The 1921-D Mercury Dime represented the only branch-mint dime issued for the year, as the San Francisco Mint did not produce the denomination. Together with the issue from the same year struck at Philadelphia, this coin is considered to be one of the semi-key date coins of the series.
The Denver Mint struck only 1,080,000 pieces this year, which ranks as the second lowest mintage for the overall series. This year, the facilities at Philadelphia, Denver, and San Francisco were devoting their resources to striking millions of silver dollars required under the Pittman Act. This led to lower production for other denominations.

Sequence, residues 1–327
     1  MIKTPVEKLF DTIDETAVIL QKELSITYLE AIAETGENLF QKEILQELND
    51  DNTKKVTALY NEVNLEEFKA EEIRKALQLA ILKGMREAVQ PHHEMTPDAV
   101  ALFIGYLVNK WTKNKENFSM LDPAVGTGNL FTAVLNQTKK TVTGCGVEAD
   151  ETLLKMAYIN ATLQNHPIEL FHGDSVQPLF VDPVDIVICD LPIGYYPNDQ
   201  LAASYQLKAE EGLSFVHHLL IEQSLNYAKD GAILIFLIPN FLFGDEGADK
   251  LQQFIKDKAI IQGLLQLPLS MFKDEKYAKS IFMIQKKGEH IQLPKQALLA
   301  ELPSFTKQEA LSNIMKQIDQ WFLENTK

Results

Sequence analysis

Compared to the 1921 dimes from Philadelphia, the 1921-D is more challenging to locate in higher mint state grades. Around 20 examples have been graded MS66FB by either PCGS or NGC, but only two examples have graded MS67FB by NGC. One of these recently sold for $24,150 at an auction held in April 2011.
Circulated examples in grades G-VG may be acquired for around $100. Since coins of this grade will likely be encountered raw, take care to ensure that the pieces have not been cleaned or damaged.